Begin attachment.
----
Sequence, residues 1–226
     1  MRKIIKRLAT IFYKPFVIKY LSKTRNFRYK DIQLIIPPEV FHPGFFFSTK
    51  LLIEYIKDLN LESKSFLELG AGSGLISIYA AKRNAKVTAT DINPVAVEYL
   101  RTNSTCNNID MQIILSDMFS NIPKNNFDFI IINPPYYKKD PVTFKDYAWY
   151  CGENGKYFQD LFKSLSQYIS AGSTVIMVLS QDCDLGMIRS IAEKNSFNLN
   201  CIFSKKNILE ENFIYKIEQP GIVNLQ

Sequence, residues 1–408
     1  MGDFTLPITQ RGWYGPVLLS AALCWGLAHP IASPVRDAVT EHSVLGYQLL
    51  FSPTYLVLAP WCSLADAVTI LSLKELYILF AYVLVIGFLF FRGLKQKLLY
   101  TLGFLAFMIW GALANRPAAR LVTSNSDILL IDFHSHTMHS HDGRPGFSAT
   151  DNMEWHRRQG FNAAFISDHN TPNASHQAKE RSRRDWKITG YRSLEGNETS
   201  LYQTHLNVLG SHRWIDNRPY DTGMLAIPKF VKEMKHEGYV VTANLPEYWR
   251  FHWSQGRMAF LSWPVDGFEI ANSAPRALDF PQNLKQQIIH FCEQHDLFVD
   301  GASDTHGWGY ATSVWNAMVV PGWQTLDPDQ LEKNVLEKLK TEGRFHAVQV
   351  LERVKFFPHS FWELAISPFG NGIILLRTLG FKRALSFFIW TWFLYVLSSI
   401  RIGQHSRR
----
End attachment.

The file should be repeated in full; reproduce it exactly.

Sequence, residues 1–226
     1  MRKIIKRLAT IFYKPFVIKY LSKTRNFRYK DIQLIIPPEV FHPGFFFSTK
    51  LLIEYIKDLN LESKSFLELG AGSGLISIYA AKRNAKVTAT DINPVAVEYL
   101  RTNSTCNNID MQIILSDMFS NIPKNNFDFI IINPPYYKKD PVTFKDYAWY
   151  CGENGKYFQD LFKSLSQYIS AGSTVIMVLS QDCDLGMIRS IAEKNSFNLN
   201  CIFSKKNILE ENFIYKIEQP GIVNLQ

Sequence, residues 1–408
     1  MGDFTLPITQ RGWYGPVLLS AALCWGLAHP IASPVRDAVT EHSVLGYQLL
    51  FSPTYLVLAP WCSLADAVTI LSLKELYILF AYVLVIGFLF FRGLKQKLLY
   101  TLGFLAFMIW GALANRPAAR LVTSNSDILL IDFHSHTMHS HDGRPGFSAT
   151  DNMEWHRRQG FNAAFISDHN TPNASHQAKE RSRRDWKITG YRSLEGNETS
   201  LYQTHLNVLG SHRWIDNRPY DTGMLAIPKF VKEMKHEGYV VTANLPEYWR
   251  FHWSQGRMAF LSWPVDGFEI ANSAPRALDF PQNLKQQIIH FCEQHDLFVD
   301  GASDTHGWGY ATSVWNAMVV PGWQTLDPDQ LEKNVLEKLK TEGRFHAVQV
   351  LERVKFFPHS FWELAISPFG NGIILLRTLG FKRALSFFIW TWFLYVLSSI
   401  RIGQHSRR